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California’s energy grid is in trouble with intense heat wave

Utah suffers under stifling heat. Is the grid at risk?

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High-tension power lines run along Mountain View Corridor on the west side of the Salt Lake Valley on May 24, 2022.

High-tension power lines run along Mountain View Corridor on the west side of the Salt Lake Valley on May 24, 2022.

Scott G Winterton, Deseret News

Record breaking, triple-digit temperatures are pushing California’s energy grid to its limit, with the system on emergency alert and operators warning of possible rolling blackouts on Tuesday.

Cal ISO (independent system operator) head Elliot Mainzer said on Monday that Tuesday’s estimated demand for power would be 51,000 megawatts. For reference, Monday’s estimated demand was 48,000 megawatts, according to KCRA.

He said that the state’s grid will need about two to three times as much conservation from people across the state at homes and businesses as has been the case recently during “Flex Alerts” — times when Californians are asked to cut back their energy use.

The pain of saving energy: California residents, during these flex alerts, are being asked to refrain from using large appliances from 4 p.m. to 10 p.m., keep the thermostat a little higher, and even forgo charging electric cars to keep the grid from failing. That comes during the most insufferable time of the day when the heat is bearing down on homes and businesses.

Newsweek reported that electricity usage hit its highest level in five years in the Golden State as temperatures soared, reaching 114 degrees at Sacramento airport, boosting air conditioning use and increasing the risk of power plant failure.

Fatih Birol, executive director of the International Energy Agency, told the publication that the heat waves, which will intensify, will make it harder to meet “electricity demand while also decarbonising the electricity supply.”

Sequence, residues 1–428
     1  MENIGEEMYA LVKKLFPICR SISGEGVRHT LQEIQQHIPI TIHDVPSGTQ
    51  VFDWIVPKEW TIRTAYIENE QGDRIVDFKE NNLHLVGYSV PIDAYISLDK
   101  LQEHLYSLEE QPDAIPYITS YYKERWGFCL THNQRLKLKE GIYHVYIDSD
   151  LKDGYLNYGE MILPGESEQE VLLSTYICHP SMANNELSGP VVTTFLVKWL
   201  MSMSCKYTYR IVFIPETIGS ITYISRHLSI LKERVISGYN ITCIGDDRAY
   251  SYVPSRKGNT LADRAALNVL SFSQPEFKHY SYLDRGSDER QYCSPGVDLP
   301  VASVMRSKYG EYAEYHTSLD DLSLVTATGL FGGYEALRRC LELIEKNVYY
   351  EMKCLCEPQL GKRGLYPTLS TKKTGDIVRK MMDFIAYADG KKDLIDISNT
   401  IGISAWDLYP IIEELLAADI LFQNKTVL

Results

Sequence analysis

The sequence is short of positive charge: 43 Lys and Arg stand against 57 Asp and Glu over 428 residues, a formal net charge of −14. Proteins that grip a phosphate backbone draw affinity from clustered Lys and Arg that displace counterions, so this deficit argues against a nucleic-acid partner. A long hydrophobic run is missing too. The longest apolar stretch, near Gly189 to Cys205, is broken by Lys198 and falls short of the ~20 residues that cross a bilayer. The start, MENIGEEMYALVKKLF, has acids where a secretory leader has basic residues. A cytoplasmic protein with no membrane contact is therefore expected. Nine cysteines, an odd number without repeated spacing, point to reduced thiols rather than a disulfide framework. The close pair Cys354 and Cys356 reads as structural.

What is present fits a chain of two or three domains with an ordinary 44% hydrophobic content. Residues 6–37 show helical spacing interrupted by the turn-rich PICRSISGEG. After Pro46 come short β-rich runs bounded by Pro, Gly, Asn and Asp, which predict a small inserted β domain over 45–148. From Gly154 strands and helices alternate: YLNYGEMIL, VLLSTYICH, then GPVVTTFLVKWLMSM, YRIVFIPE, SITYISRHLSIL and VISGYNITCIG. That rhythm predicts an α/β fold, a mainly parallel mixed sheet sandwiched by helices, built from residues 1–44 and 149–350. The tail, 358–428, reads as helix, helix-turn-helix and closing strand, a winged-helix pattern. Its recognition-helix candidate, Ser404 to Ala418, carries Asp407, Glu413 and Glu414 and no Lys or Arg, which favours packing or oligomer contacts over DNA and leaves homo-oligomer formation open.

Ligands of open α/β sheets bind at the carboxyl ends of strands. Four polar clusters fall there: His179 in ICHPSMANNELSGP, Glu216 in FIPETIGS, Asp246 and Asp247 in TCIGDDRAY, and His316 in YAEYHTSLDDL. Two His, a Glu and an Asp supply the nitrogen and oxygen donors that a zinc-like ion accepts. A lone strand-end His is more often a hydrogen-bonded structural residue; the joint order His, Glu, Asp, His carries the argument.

In a summary Birol wrote last year, the director warned: “Heat waves put pressure on electricity systems in multiple ways. They increase demand as people turn up air-conditioning and as some appliances have to work harder to maintain cool temperatures. At the same time, higher temperatures can also squeeze electricity supplies by reducing the efficiency and capacity of traditional thermal power plants, such as coal, natural gas and nuclear.”

Utah’s own heat wave: The Salt Lake City International Airport hit a new record on Monday, reaching a scorching 104 degrees. It was the 23rd warmest day on record and this summer, the city has hit triple-digit temperatures 32 times.

Rocky Mountain Power scrapped a planned outage that was to take place Tuesday that would have impacted more than 500 customers in South Jordan. The planned outages were not due to energy demand, however, but were to ensure maintenance and repairs could be made to the system. The outage was delayed due to the hot weather and will happen when temperatures begin to cool, which is expected later this week into next week.

PacifiCorp, Rocky Mountain Power’s parent company, is the largest grid owner and operator in the West, serving six states, including Utah.

“Our customers have the benefit of being part of a diverse grid with a large portfolio of generation options and transfer capabilities. And each year the company conducts extensive advance planning to ensure adequate system resources are available to manage these seasonal customer demands,” said spokeswoman Tiffany Erickson.

“Barring extreme unforeseen circumstances, PacifiCorp does not anticipate power supply issues in serving our customers,” she added.